The United Nations has welcomed the response of French and other partners to a plea from the Government of Mali for assistance fighting Islamist rebels occupying the north of the country, according to the office of the UN Secretary General.
Northern Mali has been occupied by radical Islamists after fighting broke out between Government forces and Tuareg rebels in January, in March the government underwent a military coup.
French President Francois Hollande ordered a intervention on Friday, and bombing began over the weekend. Speaking during a visit to the United Arab Emirates today he said the troops will leave only when Mali returns to a stable state, with a strong political system.
We have one goal. To ensure that when we leave, when we end our intervention, Mali is safe, has legitimate authorities, an electoral process and there are no more terrorists threatening its territory
France, leading the operation after a request for help through the United Nations from its former colony, will "gradually deploy" a total of 2,500 troops. So far, the operation consists of:
- 200 troops from Operation Epervier in Chad have been flown into Bamako, including some French Foreign Legionnaires. A company of 2nd marine infantry regiment based in Auvours, France was moved to Bamako on Sunday.
- Gazelle helicopters gunships from the 4th helicopter regiment of the special forces armed with HOT anti-tank missiles and 20 mm cannons.
- Four Mirage 2000D fighter jets, based in Chad, supported by two C-135 refueling tankers.
- Four Rafale fighter jets moved on Sunday from Saint-Dizier France to start bombing positions in Mali on Sunday
- Two C-17 aircraft to carry troops and military equipment, supported by a small RAF ground crew to service the planes.
- The UK is not providing any troops, but minister for Africa Mark Simmonsa said British personnel would be involved in training the Malian army.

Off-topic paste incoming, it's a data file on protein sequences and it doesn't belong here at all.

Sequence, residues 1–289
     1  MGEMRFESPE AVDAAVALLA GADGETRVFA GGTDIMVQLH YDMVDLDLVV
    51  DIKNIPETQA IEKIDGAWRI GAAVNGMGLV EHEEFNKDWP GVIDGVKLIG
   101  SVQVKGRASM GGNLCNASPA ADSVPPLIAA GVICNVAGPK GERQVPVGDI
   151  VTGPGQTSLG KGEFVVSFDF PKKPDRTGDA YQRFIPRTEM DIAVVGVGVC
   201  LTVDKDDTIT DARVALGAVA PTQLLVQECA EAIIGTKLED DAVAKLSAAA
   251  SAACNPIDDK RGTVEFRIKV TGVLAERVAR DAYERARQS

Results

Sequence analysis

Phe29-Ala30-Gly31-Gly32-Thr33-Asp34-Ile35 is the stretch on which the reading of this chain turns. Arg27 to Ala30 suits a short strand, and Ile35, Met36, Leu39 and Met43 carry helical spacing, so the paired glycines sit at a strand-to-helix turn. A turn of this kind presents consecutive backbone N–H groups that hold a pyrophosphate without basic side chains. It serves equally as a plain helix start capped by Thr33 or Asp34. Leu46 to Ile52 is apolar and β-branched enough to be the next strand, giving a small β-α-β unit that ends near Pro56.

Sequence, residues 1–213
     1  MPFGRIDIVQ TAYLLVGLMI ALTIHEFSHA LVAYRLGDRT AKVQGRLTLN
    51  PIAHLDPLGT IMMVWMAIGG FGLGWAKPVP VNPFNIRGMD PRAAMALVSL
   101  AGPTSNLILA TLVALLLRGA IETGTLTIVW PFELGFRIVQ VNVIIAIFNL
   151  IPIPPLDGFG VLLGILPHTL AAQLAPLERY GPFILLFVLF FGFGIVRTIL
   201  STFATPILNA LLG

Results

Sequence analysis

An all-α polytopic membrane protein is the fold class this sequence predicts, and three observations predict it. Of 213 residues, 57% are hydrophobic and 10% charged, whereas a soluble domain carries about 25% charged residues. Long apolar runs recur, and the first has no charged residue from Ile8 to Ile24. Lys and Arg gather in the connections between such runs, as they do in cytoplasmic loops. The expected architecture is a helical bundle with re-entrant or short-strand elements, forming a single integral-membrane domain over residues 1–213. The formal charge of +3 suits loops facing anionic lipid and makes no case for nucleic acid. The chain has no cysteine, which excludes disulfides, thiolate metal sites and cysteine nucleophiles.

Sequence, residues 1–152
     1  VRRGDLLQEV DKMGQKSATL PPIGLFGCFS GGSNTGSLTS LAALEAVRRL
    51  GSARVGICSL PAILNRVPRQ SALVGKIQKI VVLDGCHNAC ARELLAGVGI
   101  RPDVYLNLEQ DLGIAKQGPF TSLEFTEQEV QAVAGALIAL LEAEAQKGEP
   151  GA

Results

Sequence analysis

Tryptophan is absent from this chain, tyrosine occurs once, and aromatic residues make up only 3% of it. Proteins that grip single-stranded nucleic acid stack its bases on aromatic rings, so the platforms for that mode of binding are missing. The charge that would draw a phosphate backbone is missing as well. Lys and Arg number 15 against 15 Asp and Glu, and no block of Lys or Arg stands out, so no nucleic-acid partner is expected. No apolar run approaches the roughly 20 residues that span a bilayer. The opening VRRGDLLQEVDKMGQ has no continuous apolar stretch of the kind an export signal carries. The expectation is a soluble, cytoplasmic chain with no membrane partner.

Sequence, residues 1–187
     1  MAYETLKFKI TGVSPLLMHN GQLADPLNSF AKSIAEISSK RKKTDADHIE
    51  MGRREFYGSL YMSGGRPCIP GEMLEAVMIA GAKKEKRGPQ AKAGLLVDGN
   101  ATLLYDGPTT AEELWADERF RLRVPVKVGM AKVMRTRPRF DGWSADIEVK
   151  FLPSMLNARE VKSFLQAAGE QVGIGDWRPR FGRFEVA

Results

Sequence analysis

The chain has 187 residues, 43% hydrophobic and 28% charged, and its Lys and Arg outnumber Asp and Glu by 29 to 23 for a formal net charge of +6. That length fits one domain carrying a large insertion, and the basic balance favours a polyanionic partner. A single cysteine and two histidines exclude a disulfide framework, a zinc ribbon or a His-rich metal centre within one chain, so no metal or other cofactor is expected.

- Britain's involvement is expected to last one week, according to armed forces minister Andrew Robathan.
- US officials say they have offered to send drones.
- French Foreign Minister Laurent Fabius said the US is providing communications, intelligence and transport help.
- German officials have ruled out sending any combat troops, but France's foreign minister said Germany will offer logistical, humanitarian and medical support.
- The EU will not take part in any direct combat role, but will provide troops for a training mission in the second half of February or March.
- Algerian announced yesterday it was closing the nearly 600 mile border with Mali.
- After months of expressing doubts about any kind of intervention it granted overflight rights to French fighter jets.
- Will send 300 troops.
- Will send 500 troops to Mali
- Sending 500 troops to control the northern border.
- Check points have been set up on roads to its northern border with Mali
- To send troops, but no specific number announced yet.
- Has committed to send 500 troops, but no date for departure has been announced so far.
- Sending 500 troops, to help with the combat. No departure date announced.
- To send 500 troops.